Of course, there’s still room for improvement. Conservatives in Minnesota point to Dayton and the Democrats’ potentially hypocritical stance on weeding out waste but leaving untouched a $90 million project to build a new office building for politicians. Another sore point is Dayton’s refusal to downsize the state’s public employee count even though some of the unsession’s reforms reduced the state’s workload.

Finally, there’s the timing of Dayton’s embrace of smaller, more efficient government. Critics rightly acknowledge there is clearly a political benefit to the governor appearing to be pro-business and pro-taxpayer as he launches his reelection campaign.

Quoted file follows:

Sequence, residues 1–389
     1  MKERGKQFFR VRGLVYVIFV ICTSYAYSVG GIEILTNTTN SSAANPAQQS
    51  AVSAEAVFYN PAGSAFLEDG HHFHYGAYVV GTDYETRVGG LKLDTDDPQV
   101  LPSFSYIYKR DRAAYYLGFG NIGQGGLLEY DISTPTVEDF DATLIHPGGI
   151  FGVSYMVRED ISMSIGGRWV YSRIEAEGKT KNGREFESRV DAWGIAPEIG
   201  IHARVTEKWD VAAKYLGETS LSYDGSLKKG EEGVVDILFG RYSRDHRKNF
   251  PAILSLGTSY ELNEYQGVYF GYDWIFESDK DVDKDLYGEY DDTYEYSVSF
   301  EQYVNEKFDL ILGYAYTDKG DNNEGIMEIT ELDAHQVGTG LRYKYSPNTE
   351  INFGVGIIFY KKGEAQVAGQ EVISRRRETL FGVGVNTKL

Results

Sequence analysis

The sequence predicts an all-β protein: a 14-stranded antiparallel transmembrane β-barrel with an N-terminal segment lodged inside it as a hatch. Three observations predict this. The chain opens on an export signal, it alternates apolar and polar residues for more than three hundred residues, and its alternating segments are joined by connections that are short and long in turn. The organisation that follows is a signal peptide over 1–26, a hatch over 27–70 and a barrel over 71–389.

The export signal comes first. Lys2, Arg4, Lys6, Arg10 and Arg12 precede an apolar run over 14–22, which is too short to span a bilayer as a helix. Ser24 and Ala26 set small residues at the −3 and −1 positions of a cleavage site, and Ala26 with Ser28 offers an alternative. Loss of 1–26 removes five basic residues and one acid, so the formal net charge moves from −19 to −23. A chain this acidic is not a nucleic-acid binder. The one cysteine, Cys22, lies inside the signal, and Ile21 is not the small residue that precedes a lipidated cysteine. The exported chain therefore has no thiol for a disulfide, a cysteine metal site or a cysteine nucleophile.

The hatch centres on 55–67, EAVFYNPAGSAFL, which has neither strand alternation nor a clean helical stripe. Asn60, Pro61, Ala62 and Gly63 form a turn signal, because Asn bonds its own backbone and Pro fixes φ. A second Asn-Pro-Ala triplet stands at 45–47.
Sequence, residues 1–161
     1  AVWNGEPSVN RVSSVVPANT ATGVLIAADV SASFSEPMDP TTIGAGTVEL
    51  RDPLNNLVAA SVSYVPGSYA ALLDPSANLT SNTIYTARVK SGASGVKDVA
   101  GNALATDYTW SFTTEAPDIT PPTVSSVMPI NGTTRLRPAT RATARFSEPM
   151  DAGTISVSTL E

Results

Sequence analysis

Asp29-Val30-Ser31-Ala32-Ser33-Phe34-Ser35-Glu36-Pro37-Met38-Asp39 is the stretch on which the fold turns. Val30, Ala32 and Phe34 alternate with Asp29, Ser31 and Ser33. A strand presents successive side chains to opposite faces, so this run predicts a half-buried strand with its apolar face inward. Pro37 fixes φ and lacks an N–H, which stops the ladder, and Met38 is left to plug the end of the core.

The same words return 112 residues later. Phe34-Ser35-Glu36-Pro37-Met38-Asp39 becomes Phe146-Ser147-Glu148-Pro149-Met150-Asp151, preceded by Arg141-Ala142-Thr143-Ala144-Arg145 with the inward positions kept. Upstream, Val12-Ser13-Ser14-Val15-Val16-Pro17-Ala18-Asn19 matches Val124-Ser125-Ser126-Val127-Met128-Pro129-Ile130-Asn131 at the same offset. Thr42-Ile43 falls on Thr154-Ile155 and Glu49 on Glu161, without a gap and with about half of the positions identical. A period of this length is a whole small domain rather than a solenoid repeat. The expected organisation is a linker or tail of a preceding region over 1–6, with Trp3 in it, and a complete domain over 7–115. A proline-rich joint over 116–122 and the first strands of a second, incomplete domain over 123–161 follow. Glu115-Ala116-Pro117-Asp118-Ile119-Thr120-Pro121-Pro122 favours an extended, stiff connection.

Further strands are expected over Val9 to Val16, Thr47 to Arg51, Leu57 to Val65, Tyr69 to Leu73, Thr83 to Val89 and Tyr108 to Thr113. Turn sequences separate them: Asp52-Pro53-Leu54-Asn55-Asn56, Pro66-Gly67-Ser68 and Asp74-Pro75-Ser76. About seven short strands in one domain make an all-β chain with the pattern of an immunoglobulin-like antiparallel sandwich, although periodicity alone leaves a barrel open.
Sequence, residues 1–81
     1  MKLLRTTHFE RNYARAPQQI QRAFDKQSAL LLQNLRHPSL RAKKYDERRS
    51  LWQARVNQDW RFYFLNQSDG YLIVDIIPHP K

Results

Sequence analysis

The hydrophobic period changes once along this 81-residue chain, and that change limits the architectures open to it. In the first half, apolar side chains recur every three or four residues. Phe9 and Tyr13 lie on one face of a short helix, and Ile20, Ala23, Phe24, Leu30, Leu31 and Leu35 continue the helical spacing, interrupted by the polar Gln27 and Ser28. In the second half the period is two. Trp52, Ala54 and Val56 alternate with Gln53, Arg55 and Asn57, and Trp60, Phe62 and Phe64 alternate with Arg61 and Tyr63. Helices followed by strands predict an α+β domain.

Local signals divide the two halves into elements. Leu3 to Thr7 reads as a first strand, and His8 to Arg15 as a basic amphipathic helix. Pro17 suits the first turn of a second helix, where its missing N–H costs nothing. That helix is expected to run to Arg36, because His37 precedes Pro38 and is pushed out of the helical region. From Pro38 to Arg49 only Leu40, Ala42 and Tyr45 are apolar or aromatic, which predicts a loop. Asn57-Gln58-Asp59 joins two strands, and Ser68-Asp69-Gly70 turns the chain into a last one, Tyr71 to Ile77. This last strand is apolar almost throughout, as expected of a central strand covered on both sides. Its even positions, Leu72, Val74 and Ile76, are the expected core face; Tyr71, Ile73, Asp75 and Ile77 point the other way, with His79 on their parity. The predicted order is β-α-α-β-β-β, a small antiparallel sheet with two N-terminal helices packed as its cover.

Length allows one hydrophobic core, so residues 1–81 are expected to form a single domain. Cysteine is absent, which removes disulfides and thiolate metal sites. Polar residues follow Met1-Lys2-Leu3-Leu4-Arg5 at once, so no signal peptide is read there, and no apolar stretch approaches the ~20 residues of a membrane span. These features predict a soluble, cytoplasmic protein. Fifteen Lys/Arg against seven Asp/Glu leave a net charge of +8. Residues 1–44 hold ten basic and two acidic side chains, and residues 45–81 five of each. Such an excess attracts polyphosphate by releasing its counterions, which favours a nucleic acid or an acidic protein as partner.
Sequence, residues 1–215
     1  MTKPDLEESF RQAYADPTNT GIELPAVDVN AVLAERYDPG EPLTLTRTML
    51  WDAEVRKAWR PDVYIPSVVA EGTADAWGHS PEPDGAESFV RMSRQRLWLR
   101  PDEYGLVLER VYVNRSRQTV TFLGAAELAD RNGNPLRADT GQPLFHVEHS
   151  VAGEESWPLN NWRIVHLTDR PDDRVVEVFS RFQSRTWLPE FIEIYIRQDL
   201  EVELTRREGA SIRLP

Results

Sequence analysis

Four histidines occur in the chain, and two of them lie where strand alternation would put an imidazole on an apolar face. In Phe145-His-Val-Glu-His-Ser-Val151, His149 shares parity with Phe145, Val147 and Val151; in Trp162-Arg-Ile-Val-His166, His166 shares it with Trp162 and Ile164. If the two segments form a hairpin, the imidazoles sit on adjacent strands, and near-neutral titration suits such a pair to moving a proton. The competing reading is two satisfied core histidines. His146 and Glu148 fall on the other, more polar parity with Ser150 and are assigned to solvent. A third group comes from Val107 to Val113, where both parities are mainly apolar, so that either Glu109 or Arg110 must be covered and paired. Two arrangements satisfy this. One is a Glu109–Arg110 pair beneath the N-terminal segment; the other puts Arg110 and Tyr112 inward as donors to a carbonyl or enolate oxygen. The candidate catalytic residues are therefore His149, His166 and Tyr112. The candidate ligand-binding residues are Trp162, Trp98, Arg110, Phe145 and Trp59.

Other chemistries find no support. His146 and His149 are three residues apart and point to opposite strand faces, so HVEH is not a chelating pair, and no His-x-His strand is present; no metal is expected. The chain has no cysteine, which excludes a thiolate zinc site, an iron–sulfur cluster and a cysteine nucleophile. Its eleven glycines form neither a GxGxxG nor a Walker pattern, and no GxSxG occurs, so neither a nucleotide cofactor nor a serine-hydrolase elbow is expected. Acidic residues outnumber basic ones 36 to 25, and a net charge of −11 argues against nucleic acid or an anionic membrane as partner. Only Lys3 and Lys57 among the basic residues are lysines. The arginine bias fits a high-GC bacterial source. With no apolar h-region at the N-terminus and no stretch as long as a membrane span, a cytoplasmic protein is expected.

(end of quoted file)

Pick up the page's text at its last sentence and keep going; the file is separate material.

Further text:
All of these criticisms have merit. But shouldn’t conservatives welcome any liberal efforts to streamline government operations? Doing so moves the policy debate onto ground conservatives already own. Moreover, the bipartisan nature of these reforms increases the odds that they will stick since it benefits liberals nothing to undo them in the future. 

Here’s hoping Mark Dayton uses the unsession to run as a pro-business, pro-taxpayer reformer and dares his GOP challenger to outdo him. These are terms any conservative should relish.

Quiz Question   
Which was the highest 30-year fixed mortgage rate yet recorded?
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"Voters largely support policies allowing police to detain suspects charged with violent crimes, a new poll shows.Convention of States Action, along with Trafalgar Group, released the poll, which found that the vast majority of surveyed Americans do not support policies that keep law enforcement from detaining those accused of violent crimes.The poll found that 95.6% of those surveyed 'say they are…[more]
 
 
—Casey Harper, The Center Square
— Casey Harper, The Center Square